Pea - Pisum sativum

Use in medieval times

The monks at Lewes Priory would regularly eat dishes made from dried split peas. During Lent they were only allowed to eat plain, simple food (no meat or fish) and peas provided a good source of protein during this time.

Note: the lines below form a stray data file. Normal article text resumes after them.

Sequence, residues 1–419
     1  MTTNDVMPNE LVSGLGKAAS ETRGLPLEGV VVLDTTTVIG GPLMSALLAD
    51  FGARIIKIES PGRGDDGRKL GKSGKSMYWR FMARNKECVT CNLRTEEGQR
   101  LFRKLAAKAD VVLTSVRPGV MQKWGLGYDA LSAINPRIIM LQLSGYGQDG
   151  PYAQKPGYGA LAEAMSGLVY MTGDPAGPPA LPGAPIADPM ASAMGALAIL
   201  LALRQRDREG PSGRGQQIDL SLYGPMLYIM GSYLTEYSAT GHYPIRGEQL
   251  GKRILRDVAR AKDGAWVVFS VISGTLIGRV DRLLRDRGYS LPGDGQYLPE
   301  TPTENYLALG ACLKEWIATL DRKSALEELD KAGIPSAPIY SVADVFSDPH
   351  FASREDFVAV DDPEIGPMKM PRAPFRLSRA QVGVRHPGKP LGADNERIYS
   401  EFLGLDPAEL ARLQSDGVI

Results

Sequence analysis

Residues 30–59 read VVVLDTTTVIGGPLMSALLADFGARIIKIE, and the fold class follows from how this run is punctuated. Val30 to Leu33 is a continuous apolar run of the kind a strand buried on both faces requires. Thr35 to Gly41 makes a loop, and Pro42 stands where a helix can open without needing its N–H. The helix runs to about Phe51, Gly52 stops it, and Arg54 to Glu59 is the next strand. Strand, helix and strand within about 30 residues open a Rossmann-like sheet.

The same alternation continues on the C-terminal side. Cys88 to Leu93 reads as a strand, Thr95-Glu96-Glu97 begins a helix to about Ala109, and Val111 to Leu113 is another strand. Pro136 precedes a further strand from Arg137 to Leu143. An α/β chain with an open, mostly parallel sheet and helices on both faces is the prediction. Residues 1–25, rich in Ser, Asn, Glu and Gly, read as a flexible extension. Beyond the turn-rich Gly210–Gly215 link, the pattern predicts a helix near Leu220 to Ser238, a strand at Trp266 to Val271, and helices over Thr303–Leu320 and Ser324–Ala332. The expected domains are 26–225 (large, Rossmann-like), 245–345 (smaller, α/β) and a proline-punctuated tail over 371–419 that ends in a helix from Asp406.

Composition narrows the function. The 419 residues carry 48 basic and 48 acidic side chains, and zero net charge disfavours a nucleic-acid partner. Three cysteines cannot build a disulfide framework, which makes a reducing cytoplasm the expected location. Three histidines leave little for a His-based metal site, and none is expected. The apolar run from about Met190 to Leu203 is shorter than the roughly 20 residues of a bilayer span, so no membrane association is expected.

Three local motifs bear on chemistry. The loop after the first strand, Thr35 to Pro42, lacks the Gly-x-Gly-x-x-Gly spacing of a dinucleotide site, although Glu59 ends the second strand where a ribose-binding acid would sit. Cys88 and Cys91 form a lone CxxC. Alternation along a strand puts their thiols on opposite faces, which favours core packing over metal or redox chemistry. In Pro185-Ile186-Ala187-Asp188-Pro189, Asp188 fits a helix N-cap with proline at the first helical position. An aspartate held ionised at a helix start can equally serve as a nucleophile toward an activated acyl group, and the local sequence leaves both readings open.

Pease pudding (or pottage) made from dried, split peas was eaten by everyone as it was a filling, relatively cheap dish to make in times before the arrival of the potato. Wealthier people would eat it with meat (usually ham or gammon) and flavour it with expensive spices. They could also afford to indulge in eating “peas on a spit” – a mixture of peas and eggs, seasoned, fried and then roasted.